5. Select a spot that is in the open timber rather than thick brush: wearing camouflage clothing and eliminating movement is more critical to success than hiding in heavy cover.
6. When using a camouflage blind or netting, maintain a clear field of view
In addition, the Oklahoma Department of Wildlife Conservation also has issued the following safety tips for turkey hunters.
1. Always keep your firearm pointed in a safe direction.
2. Treat every firearm as if it were loaded.
3. Be sure of your target and what is beyond.
4. Know your hunting area and its safe zone of fire.
5. If hunting with companions, know their locations.
Most hunters, when hearing a gobbler, try to get as close as possible before calling. However, other hunters may be calling or working the same bird. Don’t compete with other hunters. If you’re unsure about another hunter’s position, stop calling and reassess the situation.
When you are ready to start hunting or calling, sit at the base of a tree which has a trunk wider than your body. This way you can see an approaching hunter and you are protected from the rear. Use this position to call so you can see in all directions for turkeys or hunters.
Safety-conscious hunters are very careful when using a decoy. If you decide to use one, place it so you will be out of the line of fire. Put a tree between you and the decoy. If you are in the open, place the decoy so it faces directly toward or away from you and can be seen by approaching hunters from all directions. Always carry decoys in a bag or backpack going to and from hunting sites.
Your turkey calls may sound like a real turkey to other hunters, so be alert. Don’t use calls that imitate a gobbler. Experienced turkey hunters believe it’s dangerous and unnecessary. Also, electronic turkey calls are illegal in Oklahoma.
When another hunter approaches you, don’t wave your hand as a signal. This movement could trigger a shot. Instead, shout to the other person since there isn’t much chance a hunter will mistake your voice.
The most critical moment of any turkey hunt is when you decide to pull the trigger. Be absolutely sure the bird you see is a legal turkey. In the ‘gobbler only’ season, this means you must see the beard as a positive means of identifying the bird. Never shoot at noise, movement or color.
Once you have bagged your turkey or have decided to quit hunting for the day, unload your firearm. If you’re an annual license/permit holder and have shot a turkey, you are required to complete the Record of Game section on the back of the license form.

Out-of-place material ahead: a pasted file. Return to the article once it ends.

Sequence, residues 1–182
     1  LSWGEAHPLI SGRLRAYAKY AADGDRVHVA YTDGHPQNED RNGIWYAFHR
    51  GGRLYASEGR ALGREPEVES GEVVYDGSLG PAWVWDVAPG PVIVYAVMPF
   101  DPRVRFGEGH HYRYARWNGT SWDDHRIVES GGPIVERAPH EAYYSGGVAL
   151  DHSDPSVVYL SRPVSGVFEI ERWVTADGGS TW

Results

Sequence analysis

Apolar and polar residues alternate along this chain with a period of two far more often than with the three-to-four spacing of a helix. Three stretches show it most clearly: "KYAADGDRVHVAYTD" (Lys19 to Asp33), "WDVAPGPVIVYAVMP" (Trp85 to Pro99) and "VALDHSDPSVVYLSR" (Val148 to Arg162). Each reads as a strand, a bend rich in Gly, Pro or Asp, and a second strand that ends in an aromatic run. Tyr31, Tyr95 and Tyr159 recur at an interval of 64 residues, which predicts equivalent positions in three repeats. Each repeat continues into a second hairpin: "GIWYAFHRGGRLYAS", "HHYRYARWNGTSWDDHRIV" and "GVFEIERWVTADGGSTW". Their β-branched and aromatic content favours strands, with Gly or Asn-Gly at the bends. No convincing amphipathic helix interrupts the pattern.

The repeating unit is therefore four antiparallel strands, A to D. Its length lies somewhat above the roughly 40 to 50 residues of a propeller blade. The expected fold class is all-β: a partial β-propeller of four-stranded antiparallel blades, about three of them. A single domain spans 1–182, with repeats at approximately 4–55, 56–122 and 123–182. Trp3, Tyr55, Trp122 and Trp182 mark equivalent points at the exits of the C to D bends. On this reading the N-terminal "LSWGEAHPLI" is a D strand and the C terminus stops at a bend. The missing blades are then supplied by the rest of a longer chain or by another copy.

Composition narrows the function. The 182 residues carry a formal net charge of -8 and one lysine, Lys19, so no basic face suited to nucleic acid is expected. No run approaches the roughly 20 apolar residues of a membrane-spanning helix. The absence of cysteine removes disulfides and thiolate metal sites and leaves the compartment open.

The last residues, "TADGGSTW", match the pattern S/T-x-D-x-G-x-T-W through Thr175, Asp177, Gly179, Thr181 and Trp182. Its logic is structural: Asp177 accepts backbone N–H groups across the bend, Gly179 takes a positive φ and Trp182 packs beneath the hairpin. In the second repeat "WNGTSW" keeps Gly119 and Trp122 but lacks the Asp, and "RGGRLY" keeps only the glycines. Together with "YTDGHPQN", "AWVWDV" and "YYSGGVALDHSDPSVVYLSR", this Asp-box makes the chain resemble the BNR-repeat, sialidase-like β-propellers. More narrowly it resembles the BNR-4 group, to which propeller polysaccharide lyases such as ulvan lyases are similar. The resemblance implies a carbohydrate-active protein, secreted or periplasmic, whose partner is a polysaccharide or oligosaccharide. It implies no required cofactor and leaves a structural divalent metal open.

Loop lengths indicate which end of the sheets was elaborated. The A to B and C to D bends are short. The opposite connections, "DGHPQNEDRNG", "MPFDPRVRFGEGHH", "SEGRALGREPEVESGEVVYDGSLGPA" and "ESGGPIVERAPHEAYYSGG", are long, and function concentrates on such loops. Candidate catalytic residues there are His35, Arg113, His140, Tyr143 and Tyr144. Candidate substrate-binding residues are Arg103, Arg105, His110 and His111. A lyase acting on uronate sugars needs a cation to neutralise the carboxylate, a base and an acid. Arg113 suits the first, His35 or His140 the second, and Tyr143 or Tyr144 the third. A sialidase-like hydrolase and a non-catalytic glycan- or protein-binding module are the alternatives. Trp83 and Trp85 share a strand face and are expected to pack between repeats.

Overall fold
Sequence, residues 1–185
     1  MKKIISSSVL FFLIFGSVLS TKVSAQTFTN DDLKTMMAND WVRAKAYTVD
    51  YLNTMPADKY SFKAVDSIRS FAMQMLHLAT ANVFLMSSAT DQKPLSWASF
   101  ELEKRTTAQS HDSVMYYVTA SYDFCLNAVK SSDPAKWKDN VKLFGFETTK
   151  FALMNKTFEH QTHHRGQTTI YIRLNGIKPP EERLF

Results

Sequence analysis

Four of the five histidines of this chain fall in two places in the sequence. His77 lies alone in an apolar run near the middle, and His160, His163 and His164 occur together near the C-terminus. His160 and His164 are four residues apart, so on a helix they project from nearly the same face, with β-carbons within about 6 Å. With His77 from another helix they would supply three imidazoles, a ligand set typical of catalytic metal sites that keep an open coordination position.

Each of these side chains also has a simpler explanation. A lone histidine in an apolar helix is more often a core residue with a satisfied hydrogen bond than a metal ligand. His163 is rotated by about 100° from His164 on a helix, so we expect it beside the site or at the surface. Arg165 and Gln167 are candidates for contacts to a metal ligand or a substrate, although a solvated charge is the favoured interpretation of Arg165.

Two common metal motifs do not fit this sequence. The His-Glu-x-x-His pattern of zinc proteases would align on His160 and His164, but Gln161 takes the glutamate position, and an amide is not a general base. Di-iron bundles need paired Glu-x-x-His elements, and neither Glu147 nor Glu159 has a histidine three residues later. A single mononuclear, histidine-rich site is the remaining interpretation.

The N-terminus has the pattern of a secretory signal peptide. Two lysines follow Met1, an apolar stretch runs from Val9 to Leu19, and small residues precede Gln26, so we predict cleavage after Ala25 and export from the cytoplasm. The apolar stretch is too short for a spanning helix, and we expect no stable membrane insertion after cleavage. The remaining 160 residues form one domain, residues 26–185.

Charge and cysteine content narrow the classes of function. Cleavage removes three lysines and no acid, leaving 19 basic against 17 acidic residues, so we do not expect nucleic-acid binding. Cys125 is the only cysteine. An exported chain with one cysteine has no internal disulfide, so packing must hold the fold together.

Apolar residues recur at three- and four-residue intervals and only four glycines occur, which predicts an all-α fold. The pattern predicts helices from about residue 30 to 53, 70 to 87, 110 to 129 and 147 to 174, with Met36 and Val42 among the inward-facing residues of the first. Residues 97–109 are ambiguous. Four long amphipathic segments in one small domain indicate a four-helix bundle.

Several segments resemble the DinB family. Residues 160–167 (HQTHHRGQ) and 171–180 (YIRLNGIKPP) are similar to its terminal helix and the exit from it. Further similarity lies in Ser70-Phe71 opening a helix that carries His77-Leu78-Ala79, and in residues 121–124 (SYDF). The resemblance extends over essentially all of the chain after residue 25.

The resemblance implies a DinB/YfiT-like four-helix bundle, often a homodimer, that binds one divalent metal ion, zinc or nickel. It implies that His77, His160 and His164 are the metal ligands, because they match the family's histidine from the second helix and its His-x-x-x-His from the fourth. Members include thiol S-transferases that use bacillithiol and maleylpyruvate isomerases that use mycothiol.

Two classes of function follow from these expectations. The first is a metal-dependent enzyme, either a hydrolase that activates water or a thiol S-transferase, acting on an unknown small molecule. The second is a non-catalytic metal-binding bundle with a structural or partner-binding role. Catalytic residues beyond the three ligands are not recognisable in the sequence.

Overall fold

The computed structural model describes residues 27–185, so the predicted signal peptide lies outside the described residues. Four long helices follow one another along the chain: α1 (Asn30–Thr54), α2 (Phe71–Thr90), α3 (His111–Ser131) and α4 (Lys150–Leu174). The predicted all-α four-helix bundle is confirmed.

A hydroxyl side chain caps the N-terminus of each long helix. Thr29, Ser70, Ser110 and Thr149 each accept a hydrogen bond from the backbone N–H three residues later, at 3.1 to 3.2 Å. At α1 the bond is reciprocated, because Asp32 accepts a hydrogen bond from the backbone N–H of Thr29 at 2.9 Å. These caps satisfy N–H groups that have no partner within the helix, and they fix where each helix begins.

All persons, including lifetime license holders, taking a turkey must immediately upon harvesting a bird, securely attach their name and hunting license number to either leg of the harvested bird. Then wrap the bird in camouflage or blaze orange before carrying it through the woods. Walking through the woods wearing a blaze orange vest using the most visible route to your vehicle will also help protect you
Mountain Lions are a controversial subject in Oklahoma. State wildlife officials acknowledge there are a few here, but not nearly as many as the sightings that are reported by the public. On the flip side, some Oklahomans think there are a lot more big cats here than state wildlife officials care to admit.
No one really knows, but photos on the Internet such as the ones e-mailed to me Tuesday night help spread the suspicion. The photos show a mountain lion on somebody’s patio in Watonga.
I traveled through Watonga a couple of weeks ago, and after seeing these photos, decided the next time I better be packing a sidearm.
The Oklahoma Wildlife Conservation Commission last month passed a measure making it legal to shoot a mountain lion if deemed a nuisance or a threat, but Gov. Brad Henry has yet to sign it into law. Judging from these photos, this menacing mountain lion looks threatening enough.
But then I called Micah Holmes at the state Wildlife Department to see if anyone there knew about the Watonga cat and who took the photos. I wanted to interview this guy. Holmes had seen the photos before, and directed me to www.snopes.com/photos/animals/patiomountainlion.asp
Posted there on that Web site devoted to debunking Urban Legends and rumors were the same mountain lion photos. And according to the Web site, those photos have been circulated via numerous e-mails which reported the mountaion lion as being on patios in Iowa, Nebraska, Pennsylvania, Wisconsin, Missouri, New York and South Dakota.
Now add Oklahoma to the list. According to the Web site, the photos actually were taken in 2001 or 2002 in Wyoming.
Just like that photo of the huge alligator gar that was reportedly caught at Broken Bow Lake a couple of years, this was another Internet hoax. Too bad the truth gets in the way of a good story.
- Ed Godfrey